The answer the report gave back then was that it could heat up the Earth's atmosphere between 1.5 °C to 4.5°C above the levels prevalent before the industrial revolution. That is still the figure scientists use today Mann explains: "1.5°C is not great, but still bearable," says Mann, "4.5°C, however, is terrible news."
If the temperature increase does indeed turn out to be closer to 4.5 °C, are there any preventable measures that could possibly halt the planet cooking itself towards a potential apocalyptic catastrophe? Geoengineering is one measure that could work. The most common method being suggested is Solar Radiation Management(SRM) which typically involves sprinkling little bits of metal or droplets of liquid into the stratosphere.
"This would reflect a certain amount of the incoming sunlight to take the top of the impact off," Mann explained.
But geoengineering would really only buy a certain amount of time, before the gradual effects of climate change begin to take hold. It wouldn't have the capacity to fully prevent climate change from happening. Moreover, there is also other concerns it presents, such as safety and pollution.
Another idea being suggested to fight climate change — especially by more environmentally conscious scientists — is to reforest the Sahara desert. Primarily because that would help to take carbon out of the atmosphere, "You would probably have to get the necessary water initially from desalination plants on the coast to do this," said Mann. "But this could have a real impact on climate change in a couple of decades, because when forests get larger, they change the climate underneath them."
"So why not use these carbon eating machines called trees, which we actually understand something about and are unlikely to have negative consequences," Mann added.
Mann's book is also concerned with three of the greatest challenges our planet is going to face in the coming decades, as billions of more individuals compete for resources across the globe: food, water, and energy.
Mann believes there is a widespread misconception about this latter resource especially, particularly the idea of oil reserves. "Most people think of energy reserves like there is some swimming pool of oil, coal, or gas in the ground,but that isn't how it works," Mann explained. "It's a rather imprecisely defined zone. But what is actually relevant is what we can get. And usually that is quite a small percentage of the actual pool, which really we don't know the size of."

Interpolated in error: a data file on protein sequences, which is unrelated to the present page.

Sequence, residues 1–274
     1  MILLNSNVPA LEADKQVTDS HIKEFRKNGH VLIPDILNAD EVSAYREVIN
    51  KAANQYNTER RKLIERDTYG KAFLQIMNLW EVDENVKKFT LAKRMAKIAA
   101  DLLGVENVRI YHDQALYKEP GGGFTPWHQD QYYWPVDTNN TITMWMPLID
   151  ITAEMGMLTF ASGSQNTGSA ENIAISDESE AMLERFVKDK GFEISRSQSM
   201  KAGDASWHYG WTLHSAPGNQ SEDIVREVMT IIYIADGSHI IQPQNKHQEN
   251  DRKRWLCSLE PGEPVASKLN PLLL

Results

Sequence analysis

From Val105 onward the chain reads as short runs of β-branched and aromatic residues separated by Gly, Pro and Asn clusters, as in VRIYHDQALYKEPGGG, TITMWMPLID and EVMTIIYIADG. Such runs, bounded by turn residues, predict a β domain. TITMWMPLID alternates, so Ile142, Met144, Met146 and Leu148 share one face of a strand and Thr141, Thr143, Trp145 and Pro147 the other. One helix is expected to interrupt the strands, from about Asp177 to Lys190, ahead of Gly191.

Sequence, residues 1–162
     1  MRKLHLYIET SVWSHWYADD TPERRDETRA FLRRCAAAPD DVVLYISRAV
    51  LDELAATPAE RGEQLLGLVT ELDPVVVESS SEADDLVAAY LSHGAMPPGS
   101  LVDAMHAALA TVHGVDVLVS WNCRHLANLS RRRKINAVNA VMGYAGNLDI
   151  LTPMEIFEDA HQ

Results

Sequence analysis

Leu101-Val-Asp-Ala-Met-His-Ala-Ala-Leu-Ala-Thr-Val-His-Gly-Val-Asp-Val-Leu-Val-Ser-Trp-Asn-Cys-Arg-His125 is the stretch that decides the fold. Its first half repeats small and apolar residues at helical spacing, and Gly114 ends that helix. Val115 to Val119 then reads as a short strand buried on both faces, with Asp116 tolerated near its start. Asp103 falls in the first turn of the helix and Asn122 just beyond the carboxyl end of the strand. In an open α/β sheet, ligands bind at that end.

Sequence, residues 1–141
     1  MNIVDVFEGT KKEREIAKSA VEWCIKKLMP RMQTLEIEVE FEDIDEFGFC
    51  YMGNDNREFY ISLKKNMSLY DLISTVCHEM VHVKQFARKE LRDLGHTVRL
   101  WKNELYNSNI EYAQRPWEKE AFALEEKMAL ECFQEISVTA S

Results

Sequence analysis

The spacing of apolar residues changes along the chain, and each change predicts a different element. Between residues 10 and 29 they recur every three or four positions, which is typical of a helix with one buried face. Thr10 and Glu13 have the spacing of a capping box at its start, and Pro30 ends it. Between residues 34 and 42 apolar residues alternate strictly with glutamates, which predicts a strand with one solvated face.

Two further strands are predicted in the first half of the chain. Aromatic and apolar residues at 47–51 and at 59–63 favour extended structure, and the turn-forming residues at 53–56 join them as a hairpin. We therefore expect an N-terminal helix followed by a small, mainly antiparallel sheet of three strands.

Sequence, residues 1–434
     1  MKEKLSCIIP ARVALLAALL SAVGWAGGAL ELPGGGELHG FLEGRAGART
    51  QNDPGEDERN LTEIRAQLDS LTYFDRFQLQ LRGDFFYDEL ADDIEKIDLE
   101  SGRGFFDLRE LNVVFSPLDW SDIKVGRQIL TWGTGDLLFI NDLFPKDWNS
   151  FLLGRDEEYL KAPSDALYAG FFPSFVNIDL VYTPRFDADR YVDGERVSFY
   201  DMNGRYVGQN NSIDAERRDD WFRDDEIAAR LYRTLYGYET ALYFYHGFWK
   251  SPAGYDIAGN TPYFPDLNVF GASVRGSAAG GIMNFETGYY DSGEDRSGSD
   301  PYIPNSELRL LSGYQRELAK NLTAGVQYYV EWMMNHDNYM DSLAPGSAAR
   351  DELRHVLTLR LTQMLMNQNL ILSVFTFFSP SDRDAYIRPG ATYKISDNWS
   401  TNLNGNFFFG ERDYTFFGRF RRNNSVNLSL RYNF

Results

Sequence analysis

Mann believes the question we really need to ask ourselves is: How much of this imprecisely defined zone do we have access to in a way that makes sense for us economically?
"When you ask this, the price of oil, gas and coal fluctuates," Mann added. "And so when they are speaking of reserves it's really a kind of technical or economic concept."
Mann believes the most pressing environmental concern for the planet right now is a scarcity of fresh water. "Even though there is an astonishing amount of fresh water in the world, 97 per cent of that is undrinkable and contaminated and locked up in ice caps," he said. "So the entire amount of the Earth's supply of fresh water is a sphere of about 48km in diameter, which is not that much, and we waste an incredible amount of it too. So there is some serious concern that water demand is going to go up."
Mann concludes his book on an open-ended and somewhat existential note. He points out, for instance, that climate change has been studied, systematically, since about 1960, and yet, we still don't understand, either the rate of which climate change is occurring, or its precise effects.
What shape does this then leave us Homo Sapiens in as we look to the future and towards posterity? Mann said that one lesson that biology has taught us is that living creatures profoundly shape the environment they inhabit.
"The [Darwinian] Revolution says there is only one system of biological laws, and it applies to everything. It's evolution and [us humans] are not exceptions," said Mann. "And one of those laws seems to be: when creatures temporally escape the bounds of natural selection — when the load of predators and environmental constraints fall away — they explode, they reproduce rapidly, they consume all the available resources, and then very bad things happen."
According to the biologist Lynn Margulis, whom Mann once interviewed, this means that it's the fate of every successful species to wipe itself out. Will our own species meet that same end game? A fond believer in sceptical thinking, Mann said it's hard to definitely to commit to answer on this. Still, he hazarded a guess.
Mann concluded, "If we do survive, the [Darwinian] Revolution will have to be stepped back a little, to show that we are in fact special, that we are unlike any other creatures, despite what the biologists say."